Louis-Napoléon Bonaparte (1808 – 1873), as Napoleon III, was the ruler of the Second French Empire. Dissolute and muddleheaded, he clashed constantly with his frigid wife, Empress Eugenie, who combined a vast ignorance of the world with decided opinions on every facet of foreign policy.
He has a historical reputation as a womanizer, yet he referred to his behaviour in the following manner: “It is usually the man who attacks. As for me, I defend myself, and I often capitulate.”
Among his numerous love affairs and mistresses were:
Mathilde Bonaparte found here
his cousin Mathilde Bonaparte, Maria Anna Schiess, Alexandrine Éléonore Vergeot, laundress at the prison at Ham, mother of two of his sons, Elisa Rachel Felix, the “most famous actress in Europe“, Harriet Howard, wealthy and a major financial backer, Virginia Oldoini, Countess di Castiglione – spy, artist and famous beauty, sent by Camillo Cavour to influence the Emperor’s politics, Marie-Anne Waleska, Justine Marie Le Boeuf, also known as Marguerite Bellanger, actress and acrobatic dancer. Bellanger was falsely rumoured to be the illegitimate daughter of a hangman, and was the most universally loathed of the mistresses (though perhaps his favorite) and Countess Louise de Mercy-Argenteau, likely a platonic relationship, author of The Last Love of an Emperor, her reminiscences of her association with the emperor.
Marguerite Bellanger found here
Harriet Howard was his mistress and financial backer for many years. Born Elizabeth Ann Haryett, at the age of fifteen she ran off with Jem Mason, a well-known jockey, to live with him in London. As his red-headed mistress and an aspiring actress she renamed herself Harriet Howard.
Harriet Howard found here
Into Lady Blessington’s London salon one evening in 1846 marched “a little man, four and a half feet high . . . with huge moustaches and pigs’ eyes.” He was Prince Louis Napoleon, pretender to the French throne and newly escaped from the French fortress of Ham, where he had been dumped for trying to nab the throne. Exiled Louis was in search of a treasure chest from which to subsidize a fresh coup. One of Lady Blessington’s guests, a beautiful “tenth rate” Shakespearean actress known as Miss Howard, had just the chest Louis was after.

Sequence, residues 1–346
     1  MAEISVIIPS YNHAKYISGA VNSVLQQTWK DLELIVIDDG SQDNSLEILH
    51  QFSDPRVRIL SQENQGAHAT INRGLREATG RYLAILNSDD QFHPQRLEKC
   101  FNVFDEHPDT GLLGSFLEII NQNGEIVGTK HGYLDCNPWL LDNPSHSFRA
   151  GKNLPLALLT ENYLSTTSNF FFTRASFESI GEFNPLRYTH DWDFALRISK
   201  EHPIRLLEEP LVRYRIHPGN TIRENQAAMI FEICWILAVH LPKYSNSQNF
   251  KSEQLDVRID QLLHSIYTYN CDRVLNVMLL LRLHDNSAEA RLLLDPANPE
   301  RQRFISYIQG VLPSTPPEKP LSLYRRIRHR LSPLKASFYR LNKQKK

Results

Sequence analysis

Napoleon found here
The destined pair exchanged confidences. Blushing Miss Howard confessed that her life was not free from stain: an evil man had taken advantage of her sweet nature—with the result that, though only 23, she had an illegitimate son in the fashionable London district of St. John’s Wood and at least £1,000,000 in the kitty. His eyes sparkling, Prince Louis forgave Miss Howard. He himself, he confessed, was not without sin. While incarcerated at Ham, he had fathered two sons of the jailer’s daughter—”the fruits of captivity,” he murmured. Then he threw himself at Miss Howard’s feet and knocked her off her bank balance.
more money origami here
For two idyllic years Miss Howard sheltered Louis in her London house, financed his exile’s finaglings and plottings. When Louis Philippe was deposed and France became a republic again, Miss Howard followed her lover to Paris and backed his successful campaign to make himself President. In 1852 her Louis was proclaimed Emperor.
Miss Howard waited patiently for fulfillment of the imperial promises. Instead, one day the Emperor begged his “dear and faithful Harriet” to undertake a special embassy to England. She got as far as Le Havre where, stormbound overnight, she opened a newspaper and read an official announcement of Louis’ betrothal to Spain’s Eugénie de Montijo, Countess of Teba. Bounding furiously back to Paris, poor Miss Howard got a second blow. All the locks in her boudoir had been smashed, the contents of her wardrobe thrown on the floor, her desk’s drawers torn out. The secret police had done such a thorough job that she “no longer possessed a single letter from Emperor Napoleon III.”
Empress Eugenie found here
Virginia Oldoini, Countess of Castiglione (1837 – 1899), was an Italian courtesan who achieved notoriety as another of Napoleon’s mistresses. She was also a significant figure in the early history of photography.
The Countess was known for her beauty and her flamboyant entrances in elaborate dress at the imperial court. One of her most infamous outfits was a “Queen of Hearts” costume. George Frederic Watts painted her portrait in 1857. She was described as having long, wavy blonde hair, pale skin, a delicate oval face, and eyes that constantly changed colour from green to an extraordinary blue-violet.
Virginia Oldoini found here
n 1856 she began sitting for Pierre-Louis Pierson who helped her create 700 different photographs in which she relived the signature moments of her life for the camera. Most of the photographs depict the Countess in her theatrical outfits though a number depict her in poses risqué for the era — notably, images that expose her bare legs and feet. In these photos, her head is cropped out.
Virginia’s legs found here
Virginia spent her declining years in an apartment in the Place Vendôme, where she had the rooms decorated in funereal black, the blinds kept drawn, and mirrors banished—apparently so she would not have to confront her advancing age and loss of beauty. The Countess’s life was depicted in a 1942 Italian film La contessa Castiglione and a 1954 Italian-French film La Contessa di Castiglione that starred Yvonne de Carlo.